Kieran Campbell-Johnston reassesses the provision of non-state social support in London at the turn of the twentieth century in his article 'The Definition of "Good Character": Unmarried Mothers, Class and the London Foundling Hospital, 1898-1904'. In a study of documents from the archive, he examines the admittance policy of the iconic Foundling Hospital, highlighting the importance of both class and gender.

Gemma Egan presents a novel take on the familiar story of Red Riding Hood, framing the wolf as a 'monstrous woman' in her article, '"All the Better to Eat You With!": Charles Perrault's Monstrous Wolf in Le Petit Chaperon Rouge', which is accompanied by her own translation of Perrault's original story. Considering text and engravings, she explores how the feminine veneer adopted by the wolf is made monstrous by the insatiable appetites of a beast.

Christina Maria Nelson provides a comprehensive review of current research concerning the early stages of leukaemia in bodily cells in her article 'The Role of Cell Polarity in Leukaemogenesis'. In collecting studies and suggesting new directions for the field to take, this work should be of value to medical students and researchers alike.

Finally, following Kathryn Smith's article of 2014, which dealt with the 'right to be forgotten' (Smith, 2014), Reinvention revisits the pertinent contemporary topic of social media once again, beginning with Josie Anne Reade's 'The Female Body on Instagram: Is Fit the New It?'. Breaking fresh ground with her analysis of this new media, Reade suggests that images shared on the platform simultaneously replicate and develop contemporary ideals of the female body. The book reviewed in this issue by Marco Del Vecchio and Casimir MacGregor, Twitter: A Digital Socioscope (Mejova, Weber and Macy (eds), 2015), is the perfect companion piece to Reade's work. It deals with the opportunities and challenges, both methodological and ethical, for researchers wanting to investigate and use online data. Thus we see theory and practice in this emerging field developing side by side.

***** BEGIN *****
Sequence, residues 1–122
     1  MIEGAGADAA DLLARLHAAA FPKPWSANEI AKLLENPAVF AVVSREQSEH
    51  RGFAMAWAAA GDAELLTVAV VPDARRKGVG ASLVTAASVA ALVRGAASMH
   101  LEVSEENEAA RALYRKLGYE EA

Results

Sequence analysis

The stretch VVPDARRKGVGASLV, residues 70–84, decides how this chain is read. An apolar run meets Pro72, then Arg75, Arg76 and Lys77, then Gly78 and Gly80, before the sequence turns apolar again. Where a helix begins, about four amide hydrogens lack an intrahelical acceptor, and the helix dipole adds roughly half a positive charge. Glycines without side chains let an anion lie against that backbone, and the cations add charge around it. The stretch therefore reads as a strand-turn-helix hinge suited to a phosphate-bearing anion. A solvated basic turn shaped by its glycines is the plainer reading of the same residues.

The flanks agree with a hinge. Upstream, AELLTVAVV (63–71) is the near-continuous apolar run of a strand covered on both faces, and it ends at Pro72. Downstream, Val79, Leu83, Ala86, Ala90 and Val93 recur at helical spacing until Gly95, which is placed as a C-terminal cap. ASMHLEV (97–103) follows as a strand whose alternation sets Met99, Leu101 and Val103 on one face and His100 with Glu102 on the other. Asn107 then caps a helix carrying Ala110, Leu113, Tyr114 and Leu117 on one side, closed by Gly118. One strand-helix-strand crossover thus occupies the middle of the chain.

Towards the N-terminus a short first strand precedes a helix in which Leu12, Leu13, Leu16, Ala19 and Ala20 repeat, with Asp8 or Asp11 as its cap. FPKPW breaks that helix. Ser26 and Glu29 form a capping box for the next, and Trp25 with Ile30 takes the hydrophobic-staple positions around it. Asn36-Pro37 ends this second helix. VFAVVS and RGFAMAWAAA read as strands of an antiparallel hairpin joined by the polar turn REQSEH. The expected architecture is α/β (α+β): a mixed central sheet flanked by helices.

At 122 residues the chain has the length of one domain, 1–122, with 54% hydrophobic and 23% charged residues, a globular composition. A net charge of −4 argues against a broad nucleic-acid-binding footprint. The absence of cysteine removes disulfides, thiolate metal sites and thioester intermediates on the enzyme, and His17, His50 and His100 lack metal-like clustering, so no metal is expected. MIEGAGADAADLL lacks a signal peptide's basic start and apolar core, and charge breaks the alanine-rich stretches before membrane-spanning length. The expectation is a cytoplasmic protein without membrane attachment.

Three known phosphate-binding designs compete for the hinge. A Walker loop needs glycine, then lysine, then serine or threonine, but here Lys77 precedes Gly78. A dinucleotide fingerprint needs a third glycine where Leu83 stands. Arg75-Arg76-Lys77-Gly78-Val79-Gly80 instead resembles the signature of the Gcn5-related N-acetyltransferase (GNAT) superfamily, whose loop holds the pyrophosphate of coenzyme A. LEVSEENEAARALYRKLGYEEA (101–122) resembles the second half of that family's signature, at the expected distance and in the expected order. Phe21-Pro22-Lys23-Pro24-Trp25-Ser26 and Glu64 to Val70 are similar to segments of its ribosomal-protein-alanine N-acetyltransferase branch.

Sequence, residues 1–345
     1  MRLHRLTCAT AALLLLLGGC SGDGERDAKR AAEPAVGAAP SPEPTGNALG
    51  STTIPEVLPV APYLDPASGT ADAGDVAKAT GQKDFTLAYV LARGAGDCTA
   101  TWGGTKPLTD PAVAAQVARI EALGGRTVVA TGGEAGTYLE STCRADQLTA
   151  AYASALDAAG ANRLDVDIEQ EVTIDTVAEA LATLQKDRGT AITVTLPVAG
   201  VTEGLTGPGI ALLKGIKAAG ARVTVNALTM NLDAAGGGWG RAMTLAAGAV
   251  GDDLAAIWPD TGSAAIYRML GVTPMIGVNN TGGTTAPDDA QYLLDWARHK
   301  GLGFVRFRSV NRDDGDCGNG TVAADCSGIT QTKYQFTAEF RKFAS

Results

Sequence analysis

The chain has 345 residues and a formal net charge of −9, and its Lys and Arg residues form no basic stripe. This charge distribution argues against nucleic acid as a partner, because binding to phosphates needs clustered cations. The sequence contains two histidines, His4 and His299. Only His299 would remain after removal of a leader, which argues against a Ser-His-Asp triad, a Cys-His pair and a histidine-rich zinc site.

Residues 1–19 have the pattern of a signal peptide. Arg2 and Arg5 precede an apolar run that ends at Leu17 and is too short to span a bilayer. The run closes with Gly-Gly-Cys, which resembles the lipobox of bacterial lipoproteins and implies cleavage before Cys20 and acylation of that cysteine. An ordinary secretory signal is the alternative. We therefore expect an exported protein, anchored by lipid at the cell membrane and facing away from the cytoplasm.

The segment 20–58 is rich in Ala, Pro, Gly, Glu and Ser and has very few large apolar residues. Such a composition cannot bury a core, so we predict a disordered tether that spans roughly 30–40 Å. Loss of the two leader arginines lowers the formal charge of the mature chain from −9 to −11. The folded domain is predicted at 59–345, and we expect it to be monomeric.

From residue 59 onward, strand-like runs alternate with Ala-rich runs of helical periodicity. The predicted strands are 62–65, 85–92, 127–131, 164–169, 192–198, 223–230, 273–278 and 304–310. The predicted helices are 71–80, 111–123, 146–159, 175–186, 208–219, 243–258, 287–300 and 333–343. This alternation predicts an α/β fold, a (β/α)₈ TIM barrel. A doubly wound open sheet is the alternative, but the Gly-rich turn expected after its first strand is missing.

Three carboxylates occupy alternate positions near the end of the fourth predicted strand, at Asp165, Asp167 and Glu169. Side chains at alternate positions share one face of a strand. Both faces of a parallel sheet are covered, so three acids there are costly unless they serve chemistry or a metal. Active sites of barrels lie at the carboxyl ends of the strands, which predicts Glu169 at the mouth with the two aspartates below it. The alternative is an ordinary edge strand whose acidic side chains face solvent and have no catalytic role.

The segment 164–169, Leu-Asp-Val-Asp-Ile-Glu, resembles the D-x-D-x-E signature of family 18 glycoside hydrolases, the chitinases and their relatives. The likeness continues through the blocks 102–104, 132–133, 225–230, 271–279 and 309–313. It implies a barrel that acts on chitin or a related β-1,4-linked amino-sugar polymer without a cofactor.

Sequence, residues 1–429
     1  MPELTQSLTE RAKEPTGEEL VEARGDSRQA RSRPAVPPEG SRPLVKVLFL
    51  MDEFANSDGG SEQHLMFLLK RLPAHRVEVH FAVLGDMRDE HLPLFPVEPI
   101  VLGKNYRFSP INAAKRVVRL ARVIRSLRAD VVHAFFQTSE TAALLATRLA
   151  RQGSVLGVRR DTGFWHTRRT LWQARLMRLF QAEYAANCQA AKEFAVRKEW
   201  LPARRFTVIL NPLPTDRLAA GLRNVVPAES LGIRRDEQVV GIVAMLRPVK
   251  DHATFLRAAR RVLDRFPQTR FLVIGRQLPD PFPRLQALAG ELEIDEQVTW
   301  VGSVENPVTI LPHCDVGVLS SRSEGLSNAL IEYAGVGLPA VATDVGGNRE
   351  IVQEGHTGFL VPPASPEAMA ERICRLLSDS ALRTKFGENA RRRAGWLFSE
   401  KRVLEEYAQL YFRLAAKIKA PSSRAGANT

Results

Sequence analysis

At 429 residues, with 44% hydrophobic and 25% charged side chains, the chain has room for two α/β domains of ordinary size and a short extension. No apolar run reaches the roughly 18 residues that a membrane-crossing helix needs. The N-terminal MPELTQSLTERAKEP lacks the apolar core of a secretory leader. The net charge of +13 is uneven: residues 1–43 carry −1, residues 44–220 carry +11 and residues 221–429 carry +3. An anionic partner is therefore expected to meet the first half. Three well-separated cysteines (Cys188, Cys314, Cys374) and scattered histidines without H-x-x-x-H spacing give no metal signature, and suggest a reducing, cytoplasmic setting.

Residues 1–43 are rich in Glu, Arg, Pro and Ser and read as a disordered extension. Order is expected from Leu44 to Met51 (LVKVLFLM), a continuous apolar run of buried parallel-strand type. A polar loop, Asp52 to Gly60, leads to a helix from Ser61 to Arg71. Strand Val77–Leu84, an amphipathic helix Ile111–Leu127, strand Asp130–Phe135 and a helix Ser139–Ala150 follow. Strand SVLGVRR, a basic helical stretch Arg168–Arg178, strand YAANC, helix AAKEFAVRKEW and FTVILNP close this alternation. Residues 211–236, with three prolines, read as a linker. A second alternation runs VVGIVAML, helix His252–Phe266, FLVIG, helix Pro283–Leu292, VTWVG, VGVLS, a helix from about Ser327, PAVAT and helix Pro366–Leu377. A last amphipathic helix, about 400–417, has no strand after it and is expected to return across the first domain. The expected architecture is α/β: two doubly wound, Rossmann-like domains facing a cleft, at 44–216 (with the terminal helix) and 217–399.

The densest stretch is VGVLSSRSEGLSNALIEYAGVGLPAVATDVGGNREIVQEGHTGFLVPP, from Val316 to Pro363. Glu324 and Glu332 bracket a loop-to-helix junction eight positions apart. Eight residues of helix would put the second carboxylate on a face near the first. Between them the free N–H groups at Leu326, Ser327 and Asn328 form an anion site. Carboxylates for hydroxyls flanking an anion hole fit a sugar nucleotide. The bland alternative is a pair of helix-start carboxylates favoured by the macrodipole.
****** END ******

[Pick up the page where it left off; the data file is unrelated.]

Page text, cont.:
I end this editorial by returning to our journal team. Publication of this issue marks the departure of two assistant editors here at Warwick, Ben McClatchie and Dave Bernard, who are graduating with degrees in History and Politics, and Philosophy, Politics and Economics respectively. I shall be very sorry to see them go: apart from their rigorous intellectual contribution to the editorial team, I have valued especially their ability to interact with and relate to authors and academic professionals on the journal's behalf with intuition, reliability, and balance. I wish them all the best in their future careers, and hope that they will follow the progress of this journal, to which they have made an indispensable contribution, as it continues to reinvent itself.


[1] For concise summaries of the other numerous benefits of undergraduate research for participants, and reviews of the research that has been conducted, see Webber, Laird and BrckaLorenz, 2013: 227-49; Ziegler, 2015.


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Vandermaas-Peeler, M., P. C. Miller and T. Peeples (2015), '"Mentoring is Sharing the Excitement of Discovery": Faculty Perceptions of Undergraduate Research Mentoring', in Mentoring & Tutoring: Partnership in Learning, 23 (5), 377-93

Webber, K. L., T. F. Nelson Laird and A. M. BrckaLorenz (2013), 'Student and Faculty Member Engagement in Undergraduate Research', in Research in Higher Education, 54 (2), 227-49

Yang, R. and A. Welch (2012), 'A World-Class University in China? The Case of Tsinghua', in Higher Education, 63 (5), 645-66

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Ziegler, T. (2015), 'The Lasting Impacts of Undergraduate-Authored Research Articles', in Reinvention: an International Journal of Undergraduate Research, 8 (1),, accessed 6 April 2016


To cite this paper please use the following details: Grimwade, J. (2016), 'Reinvention: Thoughts On a Name', Reinvention: an International Journal of Undergraduate Research, Volume 9, Issue 1, Date accessed [insert date]. If you cite this article or use it in any teaching or other related activities please let us know by e-mailing us at Reinventionjournal at warwick dot ac dot uk.